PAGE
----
You need to make sure your audience hangs on to every word you say, from your introduction to your wrap-up. You can do so by:

1. Connecting them with each other

Picture your typical rock concert. What’s the first thing the singer says to the crowd after jumping out on stage? “Hello (insert city name here)!” Just acknowledging that he’s coherent enough to know where he is is enough for the audience to go wild and get into the show.

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It makes each individual feel as if they’re a part of something bigger. The same goes for any public speaking event. When an audience hears, “You’re all here because you care deeply about wildlife preservation,” it gives them a sense that they’re not just there to listen, but they’re there to connect with the like-minded people all around them.

2. Connect with their emotions

Speakers always try to get their audience emotionally involved in whatever topic they’re discussing. There are a variety of ways in which to do this, such as using statistics, stories, pictures or videos that really show the importance of the topic at hand.

For example, showing pictures of the aftermath of an accident related to drunk driving will certainly send a specific message to an audience of teenagers and young adults. While doing so might be emotionally nerve-racking to the crowd, it may be necessary to get your point across and engage them fully.

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3. Keep going back to the beginning

Revisit your theme throughout your presentation. Although you should give your audience the credit they deserve and know that they can follow along, linking back to your initial thesis can act as a subconscious reminder of why what you’re currently telling them is important.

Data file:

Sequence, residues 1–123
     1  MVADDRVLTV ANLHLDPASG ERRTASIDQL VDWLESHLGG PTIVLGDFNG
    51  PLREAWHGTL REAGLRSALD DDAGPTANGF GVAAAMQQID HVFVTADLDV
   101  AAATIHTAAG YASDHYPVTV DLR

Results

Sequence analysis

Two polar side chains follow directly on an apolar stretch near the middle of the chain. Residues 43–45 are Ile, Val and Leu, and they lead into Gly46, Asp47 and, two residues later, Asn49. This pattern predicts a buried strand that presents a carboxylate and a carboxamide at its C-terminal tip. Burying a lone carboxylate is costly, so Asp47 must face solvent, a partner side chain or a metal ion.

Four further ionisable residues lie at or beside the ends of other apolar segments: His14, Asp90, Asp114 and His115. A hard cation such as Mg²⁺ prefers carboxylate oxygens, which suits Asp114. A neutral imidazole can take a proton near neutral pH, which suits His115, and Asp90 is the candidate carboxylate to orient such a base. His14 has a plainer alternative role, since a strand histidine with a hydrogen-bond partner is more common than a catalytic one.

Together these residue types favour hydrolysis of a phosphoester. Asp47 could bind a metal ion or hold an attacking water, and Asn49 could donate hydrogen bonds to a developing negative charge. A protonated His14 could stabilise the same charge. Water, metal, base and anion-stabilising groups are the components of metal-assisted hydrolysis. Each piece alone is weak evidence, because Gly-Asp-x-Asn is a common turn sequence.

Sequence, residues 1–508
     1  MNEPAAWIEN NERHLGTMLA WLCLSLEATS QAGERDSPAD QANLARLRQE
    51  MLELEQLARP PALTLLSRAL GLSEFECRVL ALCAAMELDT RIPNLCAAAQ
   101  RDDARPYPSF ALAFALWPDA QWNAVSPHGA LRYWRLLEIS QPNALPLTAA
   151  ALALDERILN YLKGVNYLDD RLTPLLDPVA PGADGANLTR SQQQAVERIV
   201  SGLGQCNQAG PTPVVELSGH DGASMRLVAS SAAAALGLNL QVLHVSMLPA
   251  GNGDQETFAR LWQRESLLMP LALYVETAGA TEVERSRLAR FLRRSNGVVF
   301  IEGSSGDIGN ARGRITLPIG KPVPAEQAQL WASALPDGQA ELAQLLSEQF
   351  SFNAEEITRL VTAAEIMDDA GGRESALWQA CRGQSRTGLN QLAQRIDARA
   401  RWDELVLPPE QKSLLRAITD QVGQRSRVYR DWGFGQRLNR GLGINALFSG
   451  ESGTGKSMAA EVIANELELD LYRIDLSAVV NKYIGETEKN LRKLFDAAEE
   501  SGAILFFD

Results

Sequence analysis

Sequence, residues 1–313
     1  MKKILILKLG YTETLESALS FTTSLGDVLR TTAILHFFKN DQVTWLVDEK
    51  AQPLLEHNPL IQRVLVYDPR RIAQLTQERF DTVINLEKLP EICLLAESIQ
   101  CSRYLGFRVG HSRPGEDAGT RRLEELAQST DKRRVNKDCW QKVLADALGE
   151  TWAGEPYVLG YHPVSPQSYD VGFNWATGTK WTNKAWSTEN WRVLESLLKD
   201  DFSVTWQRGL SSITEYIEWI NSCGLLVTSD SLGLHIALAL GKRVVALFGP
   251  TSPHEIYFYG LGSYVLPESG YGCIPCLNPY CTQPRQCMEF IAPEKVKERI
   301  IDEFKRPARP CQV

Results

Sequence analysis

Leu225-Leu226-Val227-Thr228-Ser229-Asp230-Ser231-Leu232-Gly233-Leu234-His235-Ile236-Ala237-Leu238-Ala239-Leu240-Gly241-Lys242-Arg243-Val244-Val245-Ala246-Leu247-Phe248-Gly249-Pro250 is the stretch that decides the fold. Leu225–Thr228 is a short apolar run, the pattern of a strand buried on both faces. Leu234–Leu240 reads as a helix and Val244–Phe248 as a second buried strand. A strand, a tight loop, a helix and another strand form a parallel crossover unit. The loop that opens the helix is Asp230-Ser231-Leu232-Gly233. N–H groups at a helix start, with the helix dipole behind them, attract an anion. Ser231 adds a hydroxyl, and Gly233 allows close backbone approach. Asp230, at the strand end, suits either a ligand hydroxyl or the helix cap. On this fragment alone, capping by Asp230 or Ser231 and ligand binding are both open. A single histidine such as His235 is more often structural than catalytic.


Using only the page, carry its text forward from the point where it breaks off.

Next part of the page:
On the other hand, if you simply mention your theme or the point of your speech at the beginning and never mention it again, it gives your audience the impression that it’s not really that important.

4. Link to your audience’s motivation

After you’ve acknowledged your audience’s common interests in being present, discuss their motivation for being there. Be specific. Using the previous example, if your audience clearly cares about wildlife preservation, discuss what can be done to help save endangered species’ from extinction.

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Don’t just give them cold, hard facts; use the facts to make a point that they can use to better themselves or the world in some way.

5. Entertain them

While not all speeches or presentations are meant to be entertaining in a comedic way, audiences will become thoroughly engaged in anecdotes that relate to the overall theme of the speech. We discussed appealing to emotions, and that’s exactly what a speaker sets out to do when he tells a story from his past or that of a well-known historical figure.

Speakers usually tell more than one story in order to show that the first one they told isn’t simply an anomaly, and that whatever outcome they’re attempting to prove will consistently reoccur, given certain circumstances.

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6. Appeal to loyalty

Just like the musician mentioning the town he’s playing in will get the audience ready to rock, speakers need to appeal to their audience’s loyalty to their country, company, product or cause. Show them how important it is that they’re present and listening to your speech by making your words hit home to each individual.

In doing so, the members of your audience will feel as if you’re speaking directly to them while you’re addressing the entire crowd.

7. Tell them the benefits of the presentation

Early on in your presentation, you should tell your audience exactly what they’ll learn, and exactly how they’ll learn it. Don’t expect them to listen if they don’t have clear-cut information to listen for. On the other hand, if they know what to listen for, they’ll be more apt to stay engaged throughout your entire presentation so they don’t miss anything.

Featured photo credit: Flickr via farm4.staticflickr.com